Where does the term “iron curtain” come from and What does “iron curtain” mean?

The expression “iron curtain”, in its allusion to the line across Europe beyond which are the countries under Soviet influence or control, was credited to Winston Churchill, to its use in a speech delivered by him on March 5, 1946, at Westminster College, Fulton, Missouri.

But the same metaphor may have been in other minds also and was certainly used by others before that date.

Had the idea of an impenetrable curtain occurred to an American, it is likely that he would have called it “an asbestos curtain,” having in mind the curtains used in American theaters to stop a backstage fire from spreading to the audience. But in Europe such fireproof curtains have long been made of iron.

Thus, some five months before Churchill’s speech, there was an article in the Sunday Empire News (London), October 21, 1945, with the heading, “An Iron Curtain across Europe,” describing the difficulties attending military government in Germany.

It was written by a former staff officer in the G5 Division of SHAEF, Sir St. Vincent Troubridge, who is also familiar with theatrical terms and expressions. In a letter to me he stated that the expression immediately caught the fancy of the London newspaper world and within a month or two appeared in leading articles and that it was used at least once in the House of Commons before Churchill gave it world-wide circulation.

However, though without doubt unknown to either Troubridge or Churchill, the same metaphorical application had been given to the expression eight months earlier by no less a person than Joseph Goebbels, German Propaganda Chief.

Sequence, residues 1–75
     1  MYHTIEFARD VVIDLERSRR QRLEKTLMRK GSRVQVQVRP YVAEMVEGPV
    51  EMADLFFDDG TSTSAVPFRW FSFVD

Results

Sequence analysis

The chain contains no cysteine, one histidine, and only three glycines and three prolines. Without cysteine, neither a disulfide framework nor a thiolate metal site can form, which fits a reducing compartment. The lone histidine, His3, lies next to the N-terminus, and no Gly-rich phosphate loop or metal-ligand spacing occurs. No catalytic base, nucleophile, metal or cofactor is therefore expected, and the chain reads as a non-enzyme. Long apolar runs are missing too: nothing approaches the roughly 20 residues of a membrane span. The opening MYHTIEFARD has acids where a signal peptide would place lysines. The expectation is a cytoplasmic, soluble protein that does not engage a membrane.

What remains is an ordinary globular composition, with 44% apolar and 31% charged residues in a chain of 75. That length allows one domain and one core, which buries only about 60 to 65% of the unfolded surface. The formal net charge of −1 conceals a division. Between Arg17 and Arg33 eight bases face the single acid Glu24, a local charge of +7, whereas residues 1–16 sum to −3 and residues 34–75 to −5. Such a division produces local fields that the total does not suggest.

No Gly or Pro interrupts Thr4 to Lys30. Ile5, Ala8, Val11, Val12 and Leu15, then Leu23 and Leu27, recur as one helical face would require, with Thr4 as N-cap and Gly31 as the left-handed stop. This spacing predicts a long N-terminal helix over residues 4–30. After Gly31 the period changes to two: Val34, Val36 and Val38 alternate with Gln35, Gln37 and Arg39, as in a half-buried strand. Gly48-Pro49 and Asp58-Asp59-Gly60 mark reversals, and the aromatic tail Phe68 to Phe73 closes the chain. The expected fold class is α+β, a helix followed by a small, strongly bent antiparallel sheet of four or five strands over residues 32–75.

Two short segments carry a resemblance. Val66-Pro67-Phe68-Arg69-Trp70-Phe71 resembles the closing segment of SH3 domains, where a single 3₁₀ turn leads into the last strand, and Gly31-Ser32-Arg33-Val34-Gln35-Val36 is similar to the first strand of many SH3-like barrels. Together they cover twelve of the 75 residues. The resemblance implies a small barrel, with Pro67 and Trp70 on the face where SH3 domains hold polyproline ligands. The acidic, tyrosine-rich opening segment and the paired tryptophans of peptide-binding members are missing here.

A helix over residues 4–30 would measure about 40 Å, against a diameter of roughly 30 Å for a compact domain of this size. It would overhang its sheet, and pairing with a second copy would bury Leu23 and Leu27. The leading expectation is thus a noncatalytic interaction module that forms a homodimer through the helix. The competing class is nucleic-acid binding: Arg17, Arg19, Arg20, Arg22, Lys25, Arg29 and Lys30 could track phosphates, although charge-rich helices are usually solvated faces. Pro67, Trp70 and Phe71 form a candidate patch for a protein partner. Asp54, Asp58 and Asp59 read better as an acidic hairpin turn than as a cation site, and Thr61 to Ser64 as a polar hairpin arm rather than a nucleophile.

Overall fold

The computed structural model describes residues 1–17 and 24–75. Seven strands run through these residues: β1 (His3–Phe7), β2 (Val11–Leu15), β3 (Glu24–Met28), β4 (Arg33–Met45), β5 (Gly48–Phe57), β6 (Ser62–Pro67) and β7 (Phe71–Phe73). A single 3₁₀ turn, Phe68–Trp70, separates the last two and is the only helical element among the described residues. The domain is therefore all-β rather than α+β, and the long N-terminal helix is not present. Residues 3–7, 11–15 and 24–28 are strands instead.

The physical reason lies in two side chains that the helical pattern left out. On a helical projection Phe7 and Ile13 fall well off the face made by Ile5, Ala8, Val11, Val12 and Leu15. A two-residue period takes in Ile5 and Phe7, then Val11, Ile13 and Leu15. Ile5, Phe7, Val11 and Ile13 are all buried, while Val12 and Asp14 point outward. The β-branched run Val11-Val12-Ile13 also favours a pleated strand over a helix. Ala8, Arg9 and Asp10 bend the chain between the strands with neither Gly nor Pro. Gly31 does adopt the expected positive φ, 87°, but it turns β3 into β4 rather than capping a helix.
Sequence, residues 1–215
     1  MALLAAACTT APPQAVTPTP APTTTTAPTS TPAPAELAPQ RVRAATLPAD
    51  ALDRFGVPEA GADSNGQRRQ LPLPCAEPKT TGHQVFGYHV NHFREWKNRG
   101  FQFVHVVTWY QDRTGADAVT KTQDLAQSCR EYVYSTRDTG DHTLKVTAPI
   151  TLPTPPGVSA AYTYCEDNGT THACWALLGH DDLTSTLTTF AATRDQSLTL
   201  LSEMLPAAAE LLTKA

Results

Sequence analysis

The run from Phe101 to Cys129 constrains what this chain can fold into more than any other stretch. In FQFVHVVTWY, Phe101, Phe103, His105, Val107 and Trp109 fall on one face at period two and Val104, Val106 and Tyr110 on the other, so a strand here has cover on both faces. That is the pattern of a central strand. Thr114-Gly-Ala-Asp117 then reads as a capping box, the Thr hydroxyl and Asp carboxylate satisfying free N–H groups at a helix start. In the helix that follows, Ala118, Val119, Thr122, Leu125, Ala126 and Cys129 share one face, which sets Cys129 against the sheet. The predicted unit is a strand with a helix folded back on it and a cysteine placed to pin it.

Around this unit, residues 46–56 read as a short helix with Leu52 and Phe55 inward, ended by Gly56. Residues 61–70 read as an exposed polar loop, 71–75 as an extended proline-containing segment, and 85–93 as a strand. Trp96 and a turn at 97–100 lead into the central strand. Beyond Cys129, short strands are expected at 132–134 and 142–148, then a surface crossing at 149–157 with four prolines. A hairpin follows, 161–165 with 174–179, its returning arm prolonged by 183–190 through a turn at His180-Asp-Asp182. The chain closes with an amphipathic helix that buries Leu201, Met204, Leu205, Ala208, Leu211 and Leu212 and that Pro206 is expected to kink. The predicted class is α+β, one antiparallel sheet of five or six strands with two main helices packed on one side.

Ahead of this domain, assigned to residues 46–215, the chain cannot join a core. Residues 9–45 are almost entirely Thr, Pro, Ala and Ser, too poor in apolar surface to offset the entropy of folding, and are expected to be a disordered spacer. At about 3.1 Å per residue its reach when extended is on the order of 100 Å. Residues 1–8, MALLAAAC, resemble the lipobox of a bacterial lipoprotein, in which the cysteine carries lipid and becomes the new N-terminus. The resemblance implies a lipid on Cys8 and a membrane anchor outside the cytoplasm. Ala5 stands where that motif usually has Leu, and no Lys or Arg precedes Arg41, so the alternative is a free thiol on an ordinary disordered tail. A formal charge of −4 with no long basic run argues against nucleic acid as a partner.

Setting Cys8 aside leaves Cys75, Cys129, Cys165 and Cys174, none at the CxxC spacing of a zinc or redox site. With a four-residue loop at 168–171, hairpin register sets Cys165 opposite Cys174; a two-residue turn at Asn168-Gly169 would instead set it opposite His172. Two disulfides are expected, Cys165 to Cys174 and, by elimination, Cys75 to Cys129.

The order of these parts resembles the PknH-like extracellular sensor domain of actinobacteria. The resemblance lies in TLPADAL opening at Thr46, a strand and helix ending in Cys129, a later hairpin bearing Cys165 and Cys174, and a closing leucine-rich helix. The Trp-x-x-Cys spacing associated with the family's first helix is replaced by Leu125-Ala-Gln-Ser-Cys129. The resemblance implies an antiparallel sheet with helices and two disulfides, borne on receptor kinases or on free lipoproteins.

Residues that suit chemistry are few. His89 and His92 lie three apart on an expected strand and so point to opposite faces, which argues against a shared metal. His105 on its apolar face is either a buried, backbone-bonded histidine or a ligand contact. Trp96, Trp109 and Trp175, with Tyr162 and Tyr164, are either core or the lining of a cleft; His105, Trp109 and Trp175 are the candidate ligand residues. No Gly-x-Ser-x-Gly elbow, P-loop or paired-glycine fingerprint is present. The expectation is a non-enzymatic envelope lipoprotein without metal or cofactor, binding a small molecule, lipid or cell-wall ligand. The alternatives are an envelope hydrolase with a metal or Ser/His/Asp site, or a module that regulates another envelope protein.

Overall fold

As reported by John A. Lukacs in The Great Powers & Eastern Europe, 1953, Goebbels wrote in his editorial of February 23, 1945, in Das Reich:

If the German people should lay down their arms, the agreement between Roosevelt, Churchill and Stalin would allow the Soviets to occupy all Eastern and South-Eastern Europe, together with the major part of the Reich. An iron curtain (eiserner Vorhang) would at once descend on this territory, which, including the Soviet Union, would be of tremendous dimension. . . .

Goebbels was a good prophet.

To forestall the critics, let me add that other metaphorical applications of iron curtain, though not to the Soviets, may be found in the story, “The Food of the Gods,” by H. G. Wells (1904), with reference to a person held incommunicado by the police; in a book, A Mechanistic View of War and Peace (1915), by George Crile, and in England, Their England (1933), by A. G. MacDonnell, each of the latter two with reference to a curtain of artillery fire in a military engagement.

About Karen Hill

Karen Hill is a freelance writer, editor, and columnist. Born in New York, her work has appeared in the Examiner, Yahoo News, Buzzfeed, among others.

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